Like many other Cuban families who left Cuba after Castro came to power in the early 1960s, Marisella Veiga and her loved ones came to the U.S. and first settled in Miami, Florida. But her father was seeking a place to live where it would be easier to find a job, and that brought the Veigas to Minnesota, far from the warm climate and familiar language and foods.
With the help of a host family, the Veigas settled in, and her father, who first came to the States with just 14 cents to his name, got a job as an assistant comptroller at a meat distributing company in St. Paul.
How the Veigas coped and maneuvered through their new life in a strange and cold land is the focus of “We Carry Our Homes With Us,” an engaging memoir filled with anecdotes about the family and their close circle of Cuban friends in their upper Midwest community during those years in the 1960s and 70s, written by daughter Marisella Veiga.
“I consider myself a Cuban from Minnesota,” Veiga told NBC News Latino, relating how she learned to ice skate before she spoke a word of English. Veiga was four when her family moved to Minnesota, and her parents raised her and her three siblings with the idea that they were going to adjust and not look back. Looking back, Veiga says, would have been too painful, thinking of what was lost and what could have been.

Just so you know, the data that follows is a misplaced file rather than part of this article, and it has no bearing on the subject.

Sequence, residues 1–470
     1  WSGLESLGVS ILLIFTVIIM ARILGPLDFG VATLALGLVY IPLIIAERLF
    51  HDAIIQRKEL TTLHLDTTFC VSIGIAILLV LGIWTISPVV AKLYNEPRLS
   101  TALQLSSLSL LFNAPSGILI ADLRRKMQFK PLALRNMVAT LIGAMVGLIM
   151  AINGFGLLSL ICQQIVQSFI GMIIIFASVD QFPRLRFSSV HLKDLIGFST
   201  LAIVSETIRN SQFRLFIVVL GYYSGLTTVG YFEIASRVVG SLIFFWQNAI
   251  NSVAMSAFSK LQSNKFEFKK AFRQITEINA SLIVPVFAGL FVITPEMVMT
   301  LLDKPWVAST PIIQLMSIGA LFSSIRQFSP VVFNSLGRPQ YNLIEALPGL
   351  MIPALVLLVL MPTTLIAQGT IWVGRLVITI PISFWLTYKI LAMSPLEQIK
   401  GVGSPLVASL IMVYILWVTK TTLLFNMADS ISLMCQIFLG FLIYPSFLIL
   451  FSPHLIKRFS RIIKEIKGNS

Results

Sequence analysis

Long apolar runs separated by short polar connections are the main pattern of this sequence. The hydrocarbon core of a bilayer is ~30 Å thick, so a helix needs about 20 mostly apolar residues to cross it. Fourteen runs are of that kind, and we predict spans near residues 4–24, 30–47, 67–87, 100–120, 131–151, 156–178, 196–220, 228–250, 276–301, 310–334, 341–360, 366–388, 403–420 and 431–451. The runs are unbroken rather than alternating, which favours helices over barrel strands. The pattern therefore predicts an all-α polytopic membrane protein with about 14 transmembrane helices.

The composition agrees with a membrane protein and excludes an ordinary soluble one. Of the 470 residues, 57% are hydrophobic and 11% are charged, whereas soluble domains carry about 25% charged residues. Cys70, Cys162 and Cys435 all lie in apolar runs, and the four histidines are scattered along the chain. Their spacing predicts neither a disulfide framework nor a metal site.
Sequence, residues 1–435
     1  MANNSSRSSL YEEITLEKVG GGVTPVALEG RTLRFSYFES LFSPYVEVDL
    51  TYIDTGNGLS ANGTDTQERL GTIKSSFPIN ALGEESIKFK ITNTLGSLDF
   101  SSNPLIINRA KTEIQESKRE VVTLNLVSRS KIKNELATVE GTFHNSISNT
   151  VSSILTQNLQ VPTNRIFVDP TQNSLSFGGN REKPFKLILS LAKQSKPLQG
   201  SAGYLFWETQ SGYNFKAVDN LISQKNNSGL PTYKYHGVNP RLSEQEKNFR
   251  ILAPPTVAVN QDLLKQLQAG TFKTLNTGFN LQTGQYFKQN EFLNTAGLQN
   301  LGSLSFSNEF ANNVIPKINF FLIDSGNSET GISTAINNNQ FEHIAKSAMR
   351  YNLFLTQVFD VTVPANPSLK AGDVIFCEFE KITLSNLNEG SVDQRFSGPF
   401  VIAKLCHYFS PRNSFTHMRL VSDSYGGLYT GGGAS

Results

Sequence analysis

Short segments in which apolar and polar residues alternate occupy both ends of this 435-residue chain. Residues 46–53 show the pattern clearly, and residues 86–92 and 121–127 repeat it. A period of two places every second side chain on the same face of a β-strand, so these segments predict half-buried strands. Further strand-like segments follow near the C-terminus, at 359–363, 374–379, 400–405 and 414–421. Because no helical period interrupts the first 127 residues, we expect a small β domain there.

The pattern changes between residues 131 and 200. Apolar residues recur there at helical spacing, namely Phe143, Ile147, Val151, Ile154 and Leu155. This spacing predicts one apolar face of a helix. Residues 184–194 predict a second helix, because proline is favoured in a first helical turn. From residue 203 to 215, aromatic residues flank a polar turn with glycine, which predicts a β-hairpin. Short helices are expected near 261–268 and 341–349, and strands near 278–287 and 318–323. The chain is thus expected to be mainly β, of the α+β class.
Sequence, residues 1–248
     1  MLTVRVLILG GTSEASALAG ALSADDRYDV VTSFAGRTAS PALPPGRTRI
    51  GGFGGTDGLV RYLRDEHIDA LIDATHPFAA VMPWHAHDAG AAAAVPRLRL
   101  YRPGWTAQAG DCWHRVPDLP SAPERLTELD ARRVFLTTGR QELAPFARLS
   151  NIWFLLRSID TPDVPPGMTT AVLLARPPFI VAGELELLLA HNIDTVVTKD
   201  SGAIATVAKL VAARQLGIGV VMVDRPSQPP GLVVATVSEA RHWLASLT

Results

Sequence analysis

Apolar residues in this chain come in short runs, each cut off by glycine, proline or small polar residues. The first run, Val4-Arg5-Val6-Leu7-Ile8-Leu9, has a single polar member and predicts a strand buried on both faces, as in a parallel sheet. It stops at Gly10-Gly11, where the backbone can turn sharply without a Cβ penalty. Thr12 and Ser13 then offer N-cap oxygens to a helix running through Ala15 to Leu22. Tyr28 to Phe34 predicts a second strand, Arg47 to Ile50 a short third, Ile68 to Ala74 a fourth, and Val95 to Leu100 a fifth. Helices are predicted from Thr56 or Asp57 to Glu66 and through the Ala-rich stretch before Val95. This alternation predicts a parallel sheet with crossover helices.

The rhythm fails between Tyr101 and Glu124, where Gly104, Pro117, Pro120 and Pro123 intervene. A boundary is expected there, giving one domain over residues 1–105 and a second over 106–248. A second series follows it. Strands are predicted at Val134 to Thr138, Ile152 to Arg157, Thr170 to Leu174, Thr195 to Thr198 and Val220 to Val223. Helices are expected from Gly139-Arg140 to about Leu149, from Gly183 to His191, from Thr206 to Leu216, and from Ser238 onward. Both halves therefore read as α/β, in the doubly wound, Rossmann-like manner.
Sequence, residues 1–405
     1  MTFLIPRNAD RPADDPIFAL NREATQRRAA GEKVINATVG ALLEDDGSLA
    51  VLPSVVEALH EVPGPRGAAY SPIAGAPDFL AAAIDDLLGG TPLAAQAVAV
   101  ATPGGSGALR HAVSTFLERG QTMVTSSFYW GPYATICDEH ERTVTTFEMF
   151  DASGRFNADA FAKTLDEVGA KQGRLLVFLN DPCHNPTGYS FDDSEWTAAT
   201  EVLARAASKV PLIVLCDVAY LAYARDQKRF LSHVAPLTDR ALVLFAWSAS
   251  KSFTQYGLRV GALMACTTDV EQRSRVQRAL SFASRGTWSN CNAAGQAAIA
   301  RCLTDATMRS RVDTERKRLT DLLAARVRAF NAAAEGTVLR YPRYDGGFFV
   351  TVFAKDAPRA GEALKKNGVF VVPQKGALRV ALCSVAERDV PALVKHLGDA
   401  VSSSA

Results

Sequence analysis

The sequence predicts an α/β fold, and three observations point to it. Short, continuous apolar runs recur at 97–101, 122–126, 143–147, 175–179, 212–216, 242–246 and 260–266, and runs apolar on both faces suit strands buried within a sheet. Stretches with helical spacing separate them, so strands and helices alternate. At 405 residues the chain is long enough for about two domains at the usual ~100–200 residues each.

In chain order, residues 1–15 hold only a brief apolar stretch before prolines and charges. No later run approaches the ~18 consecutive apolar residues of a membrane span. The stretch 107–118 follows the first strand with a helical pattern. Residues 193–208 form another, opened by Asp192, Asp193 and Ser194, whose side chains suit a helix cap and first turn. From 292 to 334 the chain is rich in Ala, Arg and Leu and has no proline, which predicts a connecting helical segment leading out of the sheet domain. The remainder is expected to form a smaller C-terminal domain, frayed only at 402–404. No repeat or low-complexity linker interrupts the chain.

“I consider myself a Cuban from Minnesota,” Veiga says, telling us how she learned to ice skate before she spoke a word of English.
Close to 300 Cuban families had settled in Minnesota in the 1960s, most in the Minneapolis-St. Paul area.
“You had to adjust and my parents figured that our early, but the fortunate thing is we had a group of Cubans in Minnesota,” Veiga adds.
About 4,000 Cuban Americans currently live in the state, according to the U.S. Census.
"I want this book to be a voice for any immigrant who comes here. It’s an inside look at assimilation,” she said. “It doesn’t matter how long you’ve been in a place, assimilation is a lifetime process.”
Marisella Veiga and her family moved back to Florida when she was a teenager, and she has moved around a lot ever since, settling for now as a writer and professor in northern Florida.
“I spent many years moving around and looking for home, that’s a part of what exiles do. And you want to know that feeling of being comfortable in a place,” she says. “But I figured out, and I say, that home is wherever you are and that you take it with you.”